Here I will list some of the Sapphires that are available now. First I will put some Sapphire history for all of you history buffs and then get on with the gem listing. Enjoy the article and have a good day
Gregg and Yema
The sapphire is the birthstone for the month of September. The name sapphire is derived from the Latin word ““saphirus” and the Greek word “sapheiros,” both meaning blue. Some believe that the name sapphire is derived from its association with the planet Saturn. The name can be roughly be translated to mean “dear to the planet Saturn” in many different languages.
Sapphires have been prized as great gemstones since 800BC. Rulers of ancient Persia believed the sky was painted blue by the reflection of sapphire stones. And a great poet once described the sapphire as “the blue of a clear sky just minutes after sundown.” Blue sapphires were a holy stone to the catholic church and to Ancient Persians, who believed they made the sky blue with their reflections. To some religions, the blue color of the sapphire represents the heavens.
Sapphires are stones of the apocalypse, and ancient lore held that the tablets upon which the Ten Commandments were written, were actually sapphire. Kings wore sapphires around their necks as a powerful defense from harm. They preserved the wearer from envy and attracted divine favor. In the 12th Century, the sapphire was known as the most appropriate stone for ecclesiastical rings. The Cingalese believed that the star sapphire served as protection and a guard against witchcraft.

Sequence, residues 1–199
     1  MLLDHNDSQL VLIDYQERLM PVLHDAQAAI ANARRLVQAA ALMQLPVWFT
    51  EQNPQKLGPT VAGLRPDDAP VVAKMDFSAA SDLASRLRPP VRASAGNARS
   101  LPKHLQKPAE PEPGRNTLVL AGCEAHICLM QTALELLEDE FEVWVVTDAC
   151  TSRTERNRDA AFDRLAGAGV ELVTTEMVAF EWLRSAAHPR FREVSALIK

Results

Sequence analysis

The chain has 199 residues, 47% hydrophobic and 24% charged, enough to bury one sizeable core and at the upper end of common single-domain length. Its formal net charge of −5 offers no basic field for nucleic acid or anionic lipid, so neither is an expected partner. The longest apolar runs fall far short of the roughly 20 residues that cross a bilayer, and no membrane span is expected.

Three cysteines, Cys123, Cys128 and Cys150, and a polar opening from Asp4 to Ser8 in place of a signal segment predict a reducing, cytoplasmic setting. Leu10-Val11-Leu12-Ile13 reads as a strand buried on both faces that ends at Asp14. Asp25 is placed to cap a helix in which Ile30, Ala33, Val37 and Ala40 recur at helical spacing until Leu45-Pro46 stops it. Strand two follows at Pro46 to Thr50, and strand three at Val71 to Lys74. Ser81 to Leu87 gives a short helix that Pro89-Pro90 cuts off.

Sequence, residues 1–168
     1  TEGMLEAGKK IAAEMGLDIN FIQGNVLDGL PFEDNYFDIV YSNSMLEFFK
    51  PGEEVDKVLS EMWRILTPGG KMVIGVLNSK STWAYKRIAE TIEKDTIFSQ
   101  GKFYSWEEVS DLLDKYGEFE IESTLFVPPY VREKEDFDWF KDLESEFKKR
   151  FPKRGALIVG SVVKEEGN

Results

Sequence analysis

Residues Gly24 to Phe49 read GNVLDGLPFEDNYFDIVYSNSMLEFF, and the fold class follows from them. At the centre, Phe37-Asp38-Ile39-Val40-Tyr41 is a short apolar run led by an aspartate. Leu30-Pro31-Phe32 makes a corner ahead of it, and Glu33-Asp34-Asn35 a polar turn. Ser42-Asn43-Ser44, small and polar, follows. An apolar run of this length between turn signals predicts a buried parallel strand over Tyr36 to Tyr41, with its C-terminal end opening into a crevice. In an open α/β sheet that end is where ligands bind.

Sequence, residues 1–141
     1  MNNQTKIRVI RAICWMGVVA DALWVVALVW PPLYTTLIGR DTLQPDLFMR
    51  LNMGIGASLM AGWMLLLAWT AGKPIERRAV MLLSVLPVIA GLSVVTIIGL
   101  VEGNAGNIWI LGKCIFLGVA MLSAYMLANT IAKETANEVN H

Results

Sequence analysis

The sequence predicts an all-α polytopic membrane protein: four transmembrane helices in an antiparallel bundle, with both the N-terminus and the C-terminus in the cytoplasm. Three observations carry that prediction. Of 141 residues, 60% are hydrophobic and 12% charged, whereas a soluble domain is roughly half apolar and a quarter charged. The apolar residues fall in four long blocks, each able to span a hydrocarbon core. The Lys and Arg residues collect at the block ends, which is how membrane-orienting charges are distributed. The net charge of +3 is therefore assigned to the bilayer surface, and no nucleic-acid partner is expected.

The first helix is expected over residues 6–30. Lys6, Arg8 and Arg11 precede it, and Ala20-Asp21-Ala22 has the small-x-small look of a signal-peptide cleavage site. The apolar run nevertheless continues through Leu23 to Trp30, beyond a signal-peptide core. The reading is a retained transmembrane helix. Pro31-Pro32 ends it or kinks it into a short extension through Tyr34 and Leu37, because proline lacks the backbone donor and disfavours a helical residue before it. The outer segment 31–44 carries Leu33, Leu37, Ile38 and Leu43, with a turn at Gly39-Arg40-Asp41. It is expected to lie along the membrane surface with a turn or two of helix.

The ancient Persians believed that the Earth was imbedded into a gigantic blue Sapphire stone. For the Buddhists, a Sapphire represented friendship and loyalty. For others, Sapphire is the stone of prosperity, preventing terror and poverty in men. During the 18th century, Sapphire was used to test female loyalty, changing its color if its wearer was unfaithful. Some have used Sapphires as talismans for protection, to ward of diseases, and to bring peace, happiness, and intelligence. Now known as the stone of serenity, Sapphire helps one to meditate by providing mental calming.
The great Oriental traveler, Sir Richard Francis Burton, had a large star sapphire which he referred to as his “talisman,” for it always brought him good horses and prompt attention wherever he went. Just the mere sight of the stone was believed to bring luck and he showed it to people everywhere he went.
We have witnessed the sapphire on royalty throughout history; in olden times, King Solomon wore a sapphire ring, and in modern times, Prince Charles gave a sapphire engagement ring to Lady Diana. The Museum of Natural History in New York is home to the one of the most notorious sapphires in the world, the “Star of India,” a sapphire of 563 carats. The British Crown Jewels are full of large blue Sapphires, the mark of prudent and wise rulers.
Ever since Prince Charles has given Princess Diana a Sapphire engagement ring, more and more couples have decided to adopt this old tradition to the present day. Sapphire doesn’t stand for wild and fiery passion, rather for truth, compatibility, commitment, and mutual understanding. Sapphire is also recommended for a couple’s 5th or 45th anniversaries.
The sapphire has for a long time, been identified with chastity, piety, and repentance. It brings wisdom and truth, increases perception and the understanding of justice. It helps find peace of mind and serenity and promotes a life of sincerity, helping preserve one’s innocence while learning life’s truths. Sapphires also are associated with romantic love, representing fidelity and romantic devotion. I it also used for a quest to increase one’s faith, hope, and joy, and to keep thoughts pure and heavenly.